Today in Mets History: Agee goes deep twice.

I remember when Shea closed going up to the higher reaches of the upper deck where the No. 20 was painted in recognition of Tommie Agee’s monstrous homer.

AGEE: Had big day vs. Expos.

Agee first popped into my consciousness when he played for the Chicago White Sox in the mid-1960’s, when I rooted for the Cleveland Indians.

Agee was a tremendous fielder and will always be remembered for making two game-saving catches in Game 3 of the 1969 World Series to save a potential five runs. What people forget, however, is Agee also homered to lead off that game.

On this date in 1970, Agee homered twice in a 7-4 victory at Montreal. Agee had a 20-game hitting streak, April 16-May 9 of that season.


Unfortunately, chronic knee pain slowed Agee’s career in 1971 and 1972, and he was traded to Houston after the 1972 season. The Astros traded Agee to St. Louis in August of the 1973.

After the season, the Cardinals dealt Agee to the Los Angeles Dodgers. In one of those twists, Agee was released by the Dodgers in spring training and never played for the team. However, his final baseball card showed him as a Dodger.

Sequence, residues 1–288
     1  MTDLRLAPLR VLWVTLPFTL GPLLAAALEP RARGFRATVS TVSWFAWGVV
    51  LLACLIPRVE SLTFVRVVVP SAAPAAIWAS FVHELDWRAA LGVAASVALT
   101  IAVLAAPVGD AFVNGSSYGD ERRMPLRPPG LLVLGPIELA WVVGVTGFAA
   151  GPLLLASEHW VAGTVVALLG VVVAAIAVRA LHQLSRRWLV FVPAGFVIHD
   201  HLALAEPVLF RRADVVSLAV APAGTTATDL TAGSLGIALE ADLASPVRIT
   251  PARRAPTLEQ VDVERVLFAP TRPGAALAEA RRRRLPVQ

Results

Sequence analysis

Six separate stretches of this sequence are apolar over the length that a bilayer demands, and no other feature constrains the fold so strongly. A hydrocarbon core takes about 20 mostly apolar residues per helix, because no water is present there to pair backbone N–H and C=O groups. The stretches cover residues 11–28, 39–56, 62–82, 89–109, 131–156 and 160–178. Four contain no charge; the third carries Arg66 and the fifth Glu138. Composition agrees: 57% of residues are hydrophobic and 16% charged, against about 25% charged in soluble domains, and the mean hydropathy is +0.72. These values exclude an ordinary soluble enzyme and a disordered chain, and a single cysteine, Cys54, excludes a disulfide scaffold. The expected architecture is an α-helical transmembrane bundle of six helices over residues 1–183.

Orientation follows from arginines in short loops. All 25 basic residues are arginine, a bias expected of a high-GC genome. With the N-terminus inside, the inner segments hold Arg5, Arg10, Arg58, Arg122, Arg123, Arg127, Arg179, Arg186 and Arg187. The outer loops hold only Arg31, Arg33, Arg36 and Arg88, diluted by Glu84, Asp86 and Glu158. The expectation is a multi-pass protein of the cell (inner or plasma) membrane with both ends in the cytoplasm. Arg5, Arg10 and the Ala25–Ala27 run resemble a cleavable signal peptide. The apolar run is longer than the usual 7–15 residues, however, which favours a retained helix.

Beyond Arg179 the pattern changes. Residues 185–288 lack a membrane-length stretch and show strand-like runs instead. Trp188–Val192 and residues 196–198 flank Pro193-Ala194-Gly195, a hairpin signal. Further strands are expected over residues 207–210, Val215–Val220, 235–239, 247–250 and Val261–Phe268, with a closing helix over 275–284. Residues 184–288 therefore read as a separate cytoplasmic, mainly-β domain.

Agee relished being a part of the 1969 Mets and appeared as himself in a 1999 episode of “Everybody Loves Raymond.’’

He suffered a heart attack, Jan. 22, 2001, and died at Bellevue Hospital Center. He was posthumously inducted into the Mets Hall of Fame the following summer.


If you have any Agee memories, I’d like for you to share them. Thanks.


2 thoughts on “Today in Mets History: Agee goes deep twice.

  1. Besides the two great catches in game 3 of 1969, to go along with leadoff home, there was this game at Shea on July 24, 1970.

    Bottom of the 10th in a 1-1 game, Tug McGraw leads off with a base hit of Jim brewer of the Dodgers (what, leaving a reliever in to hit after one inning pitched? Don’t see that today). Agee bunts and due to a poor fielding play, both runners are safe. Al Weis, put in to pinch run for McGraw, is picked off second. Agee steals second and after a strieout and two walks, bases are loaded with two outs and Agee’s childhood friend Cleon Jones is hitting. From the top left of the TV screen you see Agee running in yelling at Jones to “watch out, don’t swing” as he steals home and wins the game.

  2. Nice post Dan, Agee was one of the most exciting players of his day. too bad his knees gave out on him. He was a great talent. I remember him by his pigiontoed stance at the plate. Tommy will always be remebered as one of the great ones to put on a met uniform. God bless him.